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5 Ways Fusion 6 is Making VMware Look Good in Every Form Factor

Fusion 6 delivers a number of features, five of which I've used and found to be useful. Here's what I like so far.

While VMware says that VMware Fusion 6 has over 50 new features, I'm not sure that I can identify quite that many in my daily use of it. Still, I am very pleased with it and think that you will be as well after reading my blog this week.

As I'm currently working on a video training course on the new VMware Fusion version 6, I thought you might be interested in what's new and how these features can help you. Here are five so far:

1. Linked Clones
If you are familiar with VMware View, you know that this is one of its most important features. With linked clones, duplicate virtual machines (the clones) only consume disk space when changes are made from the original image. Now, linked clones are possible in VMware Fusion.

Say that you want to create a 3-VM Windows AD infrastructure in Fusion. You could create one VM and then install the Windows Server 2012 OS. When you have that VM configured and ready, clone it two more times. By using linked clones, your three VMs will only consume the disk space consumed by the first VM, plus any disk space consumed when you create changes to the other two linked clones.

Linked clones are now available in Fusion 6.

Figure 1. Linked clones are now available in Fusion 6. (Click image to view larger version.)

2. Mavericks and Windows 8.1 Support
The hottest new Mac and Windows OSes are Mavericks and Windows 8.1 (as well as Windows Server 2012 R2). All of these new OSes are supported in Fusion 6. This is great because it's most likely that IT pros would prefer to start testing these OSes in their virtual environment first.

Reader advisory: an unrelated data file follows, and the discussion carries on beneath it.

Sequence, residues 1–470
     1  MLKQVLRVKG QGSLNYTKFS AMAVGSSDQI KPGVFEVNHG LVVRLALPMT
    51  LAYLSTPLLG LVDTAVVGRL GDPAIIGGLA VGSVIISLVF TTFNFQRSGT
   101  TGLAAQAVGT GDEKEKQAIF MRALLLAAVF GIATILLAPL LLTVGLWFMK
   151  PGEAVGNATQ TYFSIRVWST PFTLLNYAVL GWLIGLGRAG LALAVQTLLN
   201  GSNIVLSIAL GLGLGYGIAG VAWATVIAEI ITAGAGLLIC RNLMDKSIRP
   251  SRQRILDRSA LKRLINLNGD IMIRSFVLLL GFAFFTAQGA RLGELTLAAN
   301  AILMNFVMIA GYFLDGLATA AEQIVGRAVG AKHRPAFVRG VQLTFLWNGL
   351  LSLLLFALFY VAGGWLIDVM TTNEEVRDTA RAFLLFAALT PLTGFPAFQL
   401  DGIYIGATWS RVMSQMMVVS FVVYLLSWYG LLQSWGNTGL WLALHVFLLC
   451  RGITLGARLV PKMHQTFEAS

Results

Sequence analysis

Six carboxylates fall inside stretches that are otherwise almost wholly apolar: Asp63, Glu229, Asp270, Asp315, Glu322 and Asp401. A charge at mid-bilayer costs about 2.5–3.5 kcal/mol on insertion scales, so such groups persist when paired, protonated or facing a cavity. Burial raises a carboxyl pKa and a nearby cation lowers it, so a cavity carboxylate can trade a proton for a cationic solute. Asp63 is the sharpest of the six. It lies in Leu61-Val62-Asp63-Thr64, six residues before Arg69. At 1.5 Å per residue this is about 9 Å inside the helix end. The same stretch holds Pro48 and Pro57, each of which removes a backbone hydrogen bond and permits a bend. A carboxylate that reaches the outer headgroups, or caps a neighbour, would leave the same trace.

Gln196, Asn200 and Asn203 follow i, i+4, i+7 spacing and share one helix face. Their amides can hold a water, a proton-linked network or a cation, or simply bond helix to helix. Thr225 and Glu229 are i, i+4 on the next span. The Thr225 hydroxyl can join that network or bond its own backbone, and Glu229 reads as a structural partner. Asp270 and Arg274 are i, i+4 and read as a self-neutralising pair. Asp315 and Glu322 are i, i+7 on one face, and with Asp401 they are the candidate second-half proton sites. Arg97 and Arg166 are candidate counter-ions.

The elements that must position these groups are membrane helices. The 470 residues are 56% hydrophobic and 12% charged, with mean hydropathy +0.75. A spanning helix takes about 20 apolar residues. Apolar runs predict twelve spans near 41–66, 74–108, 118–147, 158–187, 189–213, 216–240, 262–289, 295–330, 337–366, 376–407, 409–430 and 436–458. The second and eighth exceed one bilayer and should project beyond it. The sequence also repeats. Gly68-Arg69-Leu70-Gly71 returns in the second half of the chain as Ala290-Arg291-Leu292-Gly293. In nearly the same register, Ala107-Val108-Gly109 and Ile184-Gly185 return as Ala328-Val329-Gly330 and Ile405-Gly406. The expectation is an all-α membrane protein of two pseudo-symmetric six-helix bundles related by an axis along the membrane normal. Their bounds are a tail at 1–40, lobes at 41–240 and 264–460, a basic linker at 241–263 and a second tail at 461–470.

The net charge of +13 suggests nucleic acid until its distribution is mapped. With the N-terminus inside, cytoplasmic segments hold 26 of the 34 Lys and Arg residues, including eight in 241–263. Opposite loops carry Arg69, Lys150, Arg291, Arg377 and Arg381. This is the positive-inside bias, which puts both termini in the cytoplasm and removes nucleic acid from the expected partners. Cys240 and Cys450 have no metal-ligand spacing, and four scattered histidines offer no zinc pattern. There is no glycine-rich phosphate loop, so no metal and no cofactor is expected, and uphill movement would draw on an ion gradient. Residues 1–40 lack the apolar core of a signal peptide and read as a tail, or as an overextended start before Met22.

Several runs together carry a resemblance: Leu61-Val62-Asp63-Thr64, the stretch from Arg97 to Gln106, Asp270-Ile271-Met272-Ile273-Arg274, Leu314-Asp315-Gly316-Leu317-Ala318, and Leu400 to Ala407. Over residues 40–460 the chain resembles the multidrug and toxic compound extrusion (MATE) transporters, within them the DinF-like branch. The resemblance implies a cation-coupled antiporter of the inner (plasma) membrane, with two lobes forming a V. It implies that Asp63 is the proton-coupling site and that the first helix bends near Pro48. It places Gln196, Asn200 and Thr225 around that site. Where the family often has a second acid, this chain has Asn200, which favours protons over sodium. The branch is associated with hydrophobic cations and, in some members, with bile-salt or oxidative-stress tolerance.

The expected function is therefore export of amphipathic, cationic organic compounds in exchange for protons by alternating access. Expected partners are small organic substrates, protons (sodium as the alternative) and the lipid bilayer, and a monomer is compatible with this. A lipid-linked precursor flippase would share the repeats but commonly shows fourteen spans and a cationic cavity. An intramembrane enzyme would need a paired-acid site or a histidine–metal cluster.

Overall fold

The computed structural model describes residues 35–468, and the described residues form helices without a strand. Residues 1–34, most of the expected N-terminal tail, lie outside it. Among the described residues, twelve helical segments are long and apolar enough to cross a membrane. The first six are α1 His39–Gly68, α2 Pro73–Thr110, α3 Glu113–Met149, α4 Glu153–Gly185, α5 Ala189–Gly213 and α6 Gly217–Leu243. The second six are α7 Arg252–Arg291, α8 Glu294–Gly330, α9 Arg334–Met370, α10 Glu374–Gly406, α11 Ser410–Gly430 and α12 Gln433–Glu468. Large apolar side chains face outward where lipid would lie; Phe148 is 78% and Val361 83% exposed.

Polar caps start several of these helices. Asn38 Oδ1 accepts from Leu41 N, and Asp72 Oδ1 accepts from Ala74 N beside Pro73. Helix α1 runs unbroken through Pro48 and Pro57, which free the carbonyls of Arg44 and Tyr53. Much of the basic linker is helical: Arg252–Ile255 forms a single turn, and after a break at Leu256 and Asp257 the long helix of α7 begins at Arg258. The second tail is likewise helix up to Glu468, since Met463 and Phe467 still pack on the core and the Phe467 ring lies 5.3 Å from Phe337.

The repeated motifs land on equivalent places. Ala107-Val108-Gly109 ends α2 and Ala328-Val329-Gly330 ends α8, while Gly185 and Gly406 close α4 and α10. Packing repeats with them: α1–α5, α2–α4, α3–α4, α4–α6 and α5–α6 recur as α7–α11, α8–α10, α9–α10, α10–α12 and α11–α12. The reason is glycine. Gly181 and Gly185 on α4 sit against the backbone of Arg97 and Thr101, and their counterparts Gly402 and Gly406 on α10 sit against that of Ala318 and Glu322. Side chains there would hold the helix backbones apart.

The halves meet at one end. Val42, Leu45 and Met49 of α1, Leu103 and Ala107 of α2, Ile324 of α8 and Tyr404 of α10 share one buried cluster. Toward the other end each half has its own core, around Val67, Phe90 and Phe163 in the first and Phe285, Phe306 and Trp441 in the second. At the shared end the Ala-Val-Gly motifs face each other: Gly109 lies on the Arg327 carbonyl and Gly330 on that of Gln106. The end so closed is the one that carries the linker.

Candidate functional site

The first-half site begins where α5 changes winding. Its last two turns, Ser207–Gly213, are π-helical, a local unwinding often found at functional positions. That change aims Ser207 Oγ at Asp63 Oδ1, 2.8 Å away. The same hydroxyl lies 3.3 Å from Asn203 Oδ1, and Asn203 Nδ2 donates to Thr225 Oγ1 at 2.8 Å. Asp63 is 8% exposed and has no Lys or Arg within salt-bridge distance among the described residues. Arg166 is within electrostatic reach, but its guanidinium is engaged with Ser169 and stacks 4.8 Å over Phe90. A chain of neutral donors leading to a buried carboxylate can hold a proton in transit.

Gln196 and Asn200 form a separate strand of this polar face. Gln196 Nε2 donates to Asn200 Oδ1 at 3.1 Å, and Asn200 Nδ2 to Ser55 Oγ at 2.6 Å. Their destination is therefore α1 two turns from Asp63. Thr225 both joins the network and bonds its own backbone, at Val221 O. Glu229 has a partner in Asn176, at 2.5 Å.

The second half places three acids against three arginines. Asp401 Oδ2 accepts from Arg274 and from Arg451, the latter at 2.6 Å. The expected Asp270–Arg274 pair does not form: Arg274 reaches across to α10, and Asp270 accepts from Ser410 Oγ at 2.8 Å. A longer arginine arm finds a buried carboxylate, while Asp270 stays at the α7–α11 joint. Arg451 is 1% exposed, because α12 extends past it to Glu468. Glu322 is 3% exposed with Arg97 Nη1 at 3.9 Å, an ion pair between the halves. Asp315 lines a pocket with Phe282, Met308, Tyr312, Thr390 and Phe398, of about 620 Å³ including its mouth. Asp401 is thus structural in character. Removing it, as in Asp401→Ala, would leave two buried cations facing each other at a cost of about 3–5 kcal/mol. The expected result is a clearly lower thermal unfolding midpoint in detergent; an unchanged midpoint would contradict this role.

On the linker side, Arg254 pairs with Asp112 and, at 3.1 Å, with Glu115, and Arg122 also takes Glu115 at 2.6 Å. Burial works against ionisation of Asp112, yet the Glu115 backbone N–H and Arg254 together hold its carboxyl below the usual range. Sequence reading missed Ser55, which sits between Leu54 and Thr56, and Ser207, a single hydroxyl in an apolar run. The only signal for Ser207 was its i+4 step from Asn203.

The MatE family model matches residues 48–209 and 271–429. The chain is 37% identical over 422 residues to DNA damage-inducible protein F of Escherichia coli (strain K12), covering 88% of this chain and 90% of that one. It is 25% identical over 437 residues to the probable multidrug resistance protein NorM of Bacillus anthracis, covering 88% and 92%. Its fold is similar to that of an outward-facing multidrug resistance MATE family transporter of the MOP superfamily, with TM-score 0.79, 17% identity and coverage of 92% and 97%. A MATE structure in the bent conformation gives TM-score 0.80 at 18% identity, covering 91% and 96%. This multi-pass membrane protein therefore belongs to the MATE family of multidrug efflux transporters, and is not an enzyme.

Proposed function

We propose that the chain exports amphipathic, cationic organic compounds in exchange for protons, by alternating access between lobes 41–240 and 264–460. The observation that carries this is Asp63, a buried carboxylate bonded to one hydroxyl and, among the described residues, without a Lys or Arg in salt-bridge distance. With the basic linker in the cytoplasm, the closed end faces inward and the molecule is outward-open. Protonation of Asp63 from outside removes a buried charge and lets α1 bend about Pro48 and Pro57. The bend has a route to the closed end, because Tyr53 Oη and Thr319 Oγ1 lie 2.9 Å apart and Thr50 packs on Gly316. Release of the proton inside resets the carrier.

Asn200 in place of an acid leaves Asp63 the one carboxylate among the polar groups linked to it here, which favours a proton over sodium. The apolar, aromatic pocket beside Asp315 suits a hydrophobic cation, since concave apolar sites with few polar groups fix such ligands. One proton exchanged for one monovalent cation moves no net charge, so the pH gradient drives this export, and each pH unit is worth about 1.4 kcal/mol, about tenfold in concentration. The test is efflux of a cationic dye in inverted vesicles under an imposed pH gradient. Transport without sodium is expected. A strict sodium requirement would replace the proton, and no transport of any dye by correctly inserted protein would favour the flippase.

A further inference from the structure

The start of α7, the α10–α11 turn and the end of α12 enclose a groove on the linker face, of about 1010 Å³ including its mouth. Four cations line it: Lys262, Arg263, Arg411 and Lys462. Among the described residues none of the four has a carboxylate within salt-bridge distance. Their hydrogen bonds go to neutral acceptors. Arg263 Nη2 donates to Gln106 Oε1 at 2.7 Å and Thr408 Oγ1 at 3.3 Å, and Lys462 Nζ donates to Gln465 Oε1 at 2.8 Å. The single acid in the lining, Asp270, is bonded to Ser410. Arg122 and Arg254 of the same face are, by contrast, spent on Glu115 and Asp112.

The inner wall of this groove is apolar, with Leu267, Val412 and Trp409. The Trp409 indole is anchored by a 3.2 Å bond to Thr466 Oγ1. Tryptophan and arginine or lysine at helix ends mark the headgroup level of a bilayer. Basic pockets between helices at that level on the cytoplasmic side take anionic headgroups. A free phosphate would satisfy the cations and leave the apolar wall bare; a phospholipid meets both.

Test the new OSes in Fusion before running them in production.

Figure 2. Test the new OSes in Fusion before running them in production. (Click image to view larger version.)

3. Near-Native Performance
The performance in my VMware Fusion is fantastic – better than any desktop virtualization has ever been for me. Now, much of this may be due to my laptop having SSD, a new CPU, and plenty of memory. But it may also be attributed to the performance increases VMware made to Fusion 6, or what VMware is calling "near-native performance." The claim is that Windows apps (even Metro apps) perform just as well under Fusion as they do on native Windows desktops. In fact, with Fusion 6 the configuration maximums for VMs are brought up to 16 vCPUs, 64GB of RAM, and 8TB virtual disks.

It's like running desktops in their native environments.

Figure 3. It's like running desktops in their native environments. (Click image to view larger version.)

4. Two Versions
An interesting change with Fusion 6 is that VMware has broken the product into two versions: Standard and Pro. I see this as a smart move for VMware (and good for end users). VMware dropped the price of Standard below that of Parallels Desktop. IT Pros can pay extra to be able to encrypt and restrict VMs, create VMs with an expiration, use linked clones, run VMware Player, and access the new virtual network editor.

5. Restricted VMs
I like the new feature that allows you to create encrypted, expiring, and restricted VMs. You can then share them and run them in VMware Player. As I noted above, it's only a feature of the Pro version.

Restricted VMs are easy to configure and run.

Figure 4. Restricted VMs are easy to configure and run. (Click image to view larger version.)


Overall, Fusion 6 is much more useful and offers many welcome improvements. VMware offers a free 30 day-trial (even the Pro version) at www.vmware.com/go/tryfusion.

About the Author

David Davis is a well-known virtualization and cloud computing expert, author, speaker, and analyst. David’s library of popular video training courses can be found at Pluralsight.com. To contact David about his speaking schedule and his latest project, go to VirtualizationSoftware.com.

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